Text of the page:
Jon Hamm (right) and John Slattery in the final series of Mad Men
Arts and Entertainment
Arts and Entertainment
Place Blanche, Paris, 1961, shot by Christer Strömholm
photographyHow the famous camera transformed photography for ever
Arts and Entertainment
The ‘Westmacott Athlete’
Arts and Entertainment
‘The Royals’ – a ‘twisted, soapy take on England’s first family’
tv Some of the characters appear to have clear real-life counterparts
Brooks is among a dozen show-business professionals ever to have achieved Egot status
Arts and Entertainment
A cut above: Sean Penn is outclassed by Mark Rylance in The Gunman
film review
Arts and Entertainment
arts + ents
Arts and Entertainment
James Franco and Zachary Quinto in I Am Michael

Film review Michael Glatze biopic isn't about a self-hating gay man gone straight

Arts and Entertainment
A scene from the movie 'Get Hard'
tvWill Ferrell’s new film Get Hard receives its first reviews
Arts and Entertainment
Left to right: David Cameron (Mark Dexter), Nick Clegg (Bertie Carvel) and Gordon Brown (Ian Grieve)
tvReview: Ian Grieve gets another chance to play Gordon Brown... this is the kinder version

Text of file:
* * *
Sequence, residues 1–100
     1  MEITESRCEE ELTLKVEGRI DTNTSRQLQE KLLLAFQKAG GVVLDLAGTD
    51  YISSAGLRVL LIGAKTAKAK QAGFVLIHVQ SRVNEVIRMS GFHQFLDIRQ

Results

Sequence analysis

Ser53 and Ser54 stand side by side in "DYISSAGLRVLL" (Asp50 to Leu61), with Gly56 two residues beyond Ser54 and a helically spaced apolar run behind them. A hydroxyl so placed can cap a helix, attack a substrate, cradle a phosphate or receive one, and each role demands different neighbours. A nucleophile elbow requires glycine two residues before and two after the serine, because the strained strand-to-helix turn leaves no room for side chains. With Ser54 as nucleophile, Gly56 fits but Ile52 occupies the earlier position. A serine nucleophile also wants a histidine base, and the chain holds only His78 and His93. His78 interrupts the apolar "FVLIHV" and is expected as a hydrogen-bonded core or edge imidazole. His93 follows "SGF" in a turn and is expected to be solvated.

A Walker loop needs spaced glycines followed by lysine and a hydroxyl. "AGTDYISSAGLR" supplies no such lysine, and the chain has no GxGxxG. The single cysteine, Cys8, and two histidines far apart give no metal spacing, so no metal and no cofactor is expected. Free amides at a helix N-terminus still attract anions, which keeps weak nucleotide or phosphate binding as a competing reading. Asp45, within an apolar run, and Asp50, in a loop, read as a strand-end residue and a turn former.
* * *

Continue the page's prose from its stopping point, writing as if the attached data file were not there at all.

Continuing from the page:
Arts and Entertainment
Benedict Cumberbatch and Martin Freeman in the first look picture from next year's Sherlock special

Arts and Entertainment
Because it wouldn’t be Glastonbury without people kicking off about the headline acts, a petition has already been launched to stop Kanye West performing on the Saturday night

Arts and Entertainment
Molly Risker, Helen Monks, Caden-Ellis Wall, Rebekah Staton, Erin Freeman, Philip Jackson and Alexa Davies in ‘Raised by Wolves’

TV review
Arts and Entertainment

Arts and Entertainment
James May, Jeremy Clarkson and Richard Hammond in the Top Gear Patagonia Special

  • Get to the point
Latest stories from i100
Have you tried new the Independent Digital Edition apps?

ES Rentals

    Independent Dating

    By clicking 'Search' you
    are agreeing to our
    Terms of Use.

    No postcode? No vote

    Floating voters

    How living on a houseboat meant I didn't officially 'exist'
    Louis Theroux's affable Englishman routine begins to wear thin

    By Reason of Insanity

    Louis Theroux's affable Englishman routine begins to wear thin
    Power dressing is back – but no shoulderpads!

    Power dressing is back

    But banish all thoughts of Eighties shoulderpads
    Spanish stone-age cave paintings 'under threat' after being re-opened to the public

    Spanish stone-age cave paintings in Altamira 'under threat'

    Caves were re-opened to the public
    'I was the bookies’ favourite to be first to leave the Cabinet'

    Vince Cable interview

    'I was the bookies’ favourite to be first to leave the Cabinet'